And that's to say nothing of the yearly releases of games like Call of Duty, which each seem to have their own presence within the eSports scene, each one playing just similar enough to each other to be familiar and just dissimilar enough to have their finer points obscured by the differences. It's like watching American Football one year, then getting Canadian Football the next - sure, it looks the same, but all of its nuances add up to make it a bizarre new experience that comes with its own learning curve.

It's not that professional sports don't change - they just change at a glacial pace in comparison to eSports. The NFL makes most of its changes on a yearly basis (as opposed to the weekly patch notes that games like Dota 2 see), usually introducing a half-dozen or so additions to the rulebook that are voted on by a committee to either improve on player safety or clarify previous rules. Huge changes, like the proposed adjustment to the NFL's extra point rule will have several different versions of the rule drafted and then voted on by the team's owners. Hell, the NBA's three-point line was first tested in by the NCAA in 1945, but not widely adopted by professional leagues until 1961 - nearly 20 years later. And it completely changed basketball's flow, adding a whole new layer of strategy for its players to learn and for viewers to adapt to.

Video games are in a unique position - it's incredibly easy to make incremental rule changes and push them out to a large population of players to test, and then tweak a few numbers to fix any imbalances. The problem is the allure to constantly add and fix and experiment is always hovering over any game that has a persistent online presence. So how do you split the difference? You create a "tournament legal" baseline that persists for a given season.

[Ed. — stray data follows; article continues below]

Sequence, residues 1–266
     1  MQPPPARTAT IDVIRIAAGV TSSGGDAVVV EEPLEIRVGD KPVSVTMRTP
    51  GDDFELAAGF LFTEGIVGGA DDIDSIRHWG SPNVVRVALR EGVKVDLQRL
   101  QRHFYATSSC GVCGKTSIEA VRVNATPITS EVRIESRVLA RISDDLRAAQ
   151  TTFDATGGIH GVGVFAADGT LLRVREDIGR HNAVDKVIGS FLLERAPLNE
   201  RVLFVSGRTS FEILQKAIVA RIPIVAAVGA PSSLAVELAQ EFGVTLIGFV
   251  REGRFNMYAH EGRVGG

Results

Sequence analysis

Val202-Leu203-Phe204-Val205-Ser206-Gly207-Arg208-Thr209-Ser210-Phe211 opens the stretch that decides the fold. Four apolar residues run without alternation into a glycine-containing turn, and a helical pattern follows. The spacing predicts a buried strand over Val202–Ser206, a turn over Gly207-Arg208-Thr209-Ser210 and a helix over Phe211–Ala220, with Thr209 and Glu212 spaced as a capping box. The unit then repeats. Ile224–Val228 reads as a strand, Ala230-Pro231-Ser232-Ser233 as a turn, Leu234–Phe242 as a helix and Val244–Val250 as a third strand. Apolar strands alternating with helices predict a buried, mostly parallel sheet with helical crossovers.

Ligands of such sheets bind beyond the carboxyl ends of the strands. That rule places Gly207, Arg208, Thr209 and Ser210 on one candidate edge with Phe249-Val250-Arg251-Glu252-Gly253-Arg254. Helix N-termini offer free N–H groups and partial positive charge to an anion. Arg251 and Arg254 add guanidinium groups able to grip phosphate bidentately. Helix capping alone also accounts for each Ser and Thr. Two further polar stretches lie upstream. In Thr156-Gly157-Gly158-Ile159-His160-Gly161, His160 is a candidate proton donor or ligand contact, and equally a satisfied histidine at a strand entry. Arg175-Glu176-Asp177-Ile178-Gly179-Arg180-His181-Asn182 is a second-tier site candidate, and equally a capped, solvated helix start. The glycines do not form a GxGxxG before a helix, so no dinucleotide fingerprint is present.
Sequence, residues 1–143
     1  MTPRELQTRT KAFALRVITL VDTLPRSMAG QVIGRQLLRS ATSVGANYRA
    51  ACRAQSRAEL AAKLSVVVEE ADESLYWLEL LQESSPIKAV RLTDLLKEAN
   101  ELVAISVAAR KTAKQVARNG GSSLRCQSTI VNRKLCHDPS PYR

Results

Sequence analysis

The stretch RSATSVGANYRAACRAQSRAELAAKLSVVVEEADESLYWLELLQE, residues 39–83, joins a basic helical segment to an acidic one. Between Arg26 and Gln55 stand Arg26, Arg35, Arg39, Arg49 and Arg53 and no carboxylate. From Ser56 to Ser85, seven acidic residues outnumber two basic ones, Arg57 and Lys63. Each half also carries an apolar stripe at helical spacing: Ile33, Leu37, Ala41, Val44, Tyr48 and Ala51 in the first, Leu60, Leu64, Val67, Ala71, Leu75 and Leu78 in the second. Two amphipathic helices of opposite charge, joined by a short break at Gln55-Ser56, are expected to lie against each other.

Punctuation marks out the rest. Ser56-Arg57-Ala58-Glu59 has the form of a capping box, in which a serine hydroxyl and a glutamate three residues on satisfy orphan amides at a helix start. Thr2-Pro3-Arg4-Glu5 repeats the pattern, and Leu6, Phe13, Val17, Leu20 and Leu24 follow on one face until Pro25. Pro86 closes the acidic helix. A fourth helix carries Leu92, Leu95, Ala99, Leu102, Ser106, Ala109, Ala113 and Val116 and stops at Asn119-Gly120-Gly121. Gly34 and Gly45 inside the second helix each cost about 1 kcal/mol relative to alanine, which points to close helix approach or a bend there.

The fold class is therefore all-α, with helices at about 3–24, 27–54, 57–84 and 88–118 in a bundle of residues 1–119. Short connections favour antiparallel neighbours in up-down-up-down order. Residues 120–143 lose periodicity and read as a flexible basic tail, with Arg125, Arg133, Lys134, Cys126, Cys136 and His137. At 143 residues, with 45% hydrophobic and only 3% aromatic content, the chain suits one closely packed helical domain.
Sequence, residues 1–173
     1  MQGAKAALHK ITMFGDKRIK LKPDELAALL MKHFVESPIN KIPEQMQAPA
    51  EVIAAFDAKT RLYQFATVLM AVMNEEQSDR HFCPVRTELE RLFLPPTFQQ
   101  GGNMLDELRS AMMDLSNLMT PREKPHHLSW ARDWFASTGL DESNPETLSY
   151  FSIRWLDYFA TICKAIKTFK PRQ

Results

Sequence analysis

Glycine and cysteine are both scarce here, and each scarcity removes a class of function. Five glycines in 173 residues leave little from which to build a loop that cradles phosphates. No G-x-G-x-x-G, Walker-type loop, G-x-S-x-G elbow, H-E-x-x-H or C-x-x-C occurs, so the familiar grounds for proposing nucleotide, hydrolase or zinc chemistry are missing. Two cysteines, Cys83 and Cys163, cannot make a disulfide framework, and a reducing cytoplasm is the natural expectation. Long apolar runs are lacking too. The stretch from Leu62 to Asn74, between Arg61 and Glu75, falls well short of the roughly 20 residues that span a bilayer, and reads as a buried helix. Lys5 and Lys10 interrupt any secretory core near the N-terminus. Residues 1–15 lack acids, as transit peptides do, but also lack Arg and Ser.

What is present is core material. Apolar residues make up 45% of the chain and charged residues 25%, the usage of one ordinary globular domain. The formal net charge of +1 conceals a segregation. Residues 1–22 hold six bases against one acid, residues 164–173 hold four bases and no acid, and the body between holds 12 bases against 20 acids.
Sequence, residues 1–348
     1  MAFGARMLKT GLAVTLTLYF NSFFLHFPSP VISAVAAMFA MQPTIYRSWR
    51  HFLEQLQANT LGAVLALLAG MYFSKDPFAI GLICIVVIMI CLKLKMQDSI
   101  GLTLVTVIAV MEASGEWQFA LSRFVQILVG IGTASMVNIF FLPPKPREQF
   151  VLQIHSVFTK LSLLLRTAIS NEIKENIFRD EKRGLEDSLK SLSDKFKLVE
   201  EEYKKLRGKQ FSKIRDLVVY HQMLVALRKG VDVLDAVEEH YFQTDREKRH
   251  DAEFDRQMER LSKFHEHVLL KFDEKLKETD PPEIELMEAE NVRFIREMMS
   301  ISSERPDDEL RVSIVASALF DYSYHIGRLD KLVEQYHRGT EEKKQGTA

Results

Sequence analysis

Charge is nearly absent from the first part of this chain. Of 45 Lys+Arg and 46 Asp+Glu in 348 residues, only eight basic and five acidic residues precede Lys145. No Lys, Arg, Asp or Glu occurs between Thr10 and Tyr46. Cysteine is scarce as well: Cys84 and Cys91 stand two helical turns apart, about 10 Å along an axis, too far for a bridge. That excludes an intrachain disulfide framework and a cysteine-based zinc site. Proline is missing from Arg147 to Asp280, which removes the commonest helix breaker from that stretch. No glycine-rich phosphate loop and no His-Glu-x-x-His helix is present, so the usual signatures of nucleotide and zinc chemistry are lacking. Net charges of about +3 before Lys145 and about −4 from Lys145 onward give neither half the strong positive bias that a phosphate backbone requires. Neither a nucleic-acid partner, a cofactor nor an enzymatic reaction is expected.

Imagine, if you will, a separate mode in games like Dota 2 made with the sole purpose of keeping a stable playing field from tournament to tournament, culminating in the yearly Invitational at the end of the 'season'. This mode would stay static between tournaments, with rule changes agreed upon by a committee of players and developers, suggested by changes made in the 'experimental' mode that receives far more frequent updates. This area would be a testing ground of sorts, where developers can make their sweeping changes and add new content before applying them to the more universally agreed upon tournament play. Doing this would keep play consistent from month to month, and allow for strategies to develop and evolve off of the current subset of rules.

And it's something all eSports titles could benefit from, whether it's Street Fighter or Call of Duty. A whole world of tactics have blossomed out of Super Smash Bros. precisely because it hasn't changed as often as other fighting games. Yes, certain characters come out on top at first, but then players continue to find ways to counteract them, and huge upsets continue to be discovered, even years after release.

If eSports wants to appeal to a larger audience, it needs to be more judicious with how it parses out updates and additional content. Sure, it might make a few bucks in the short term by selling a new suite of content every month, but ensuring the lasting popularity of eSports is a long game that is being sacrificed in the name of short-term profits and balancing adjustments. Let the rules have time to breathe so everyone can have a chance to catch up - even the normal people watching from home.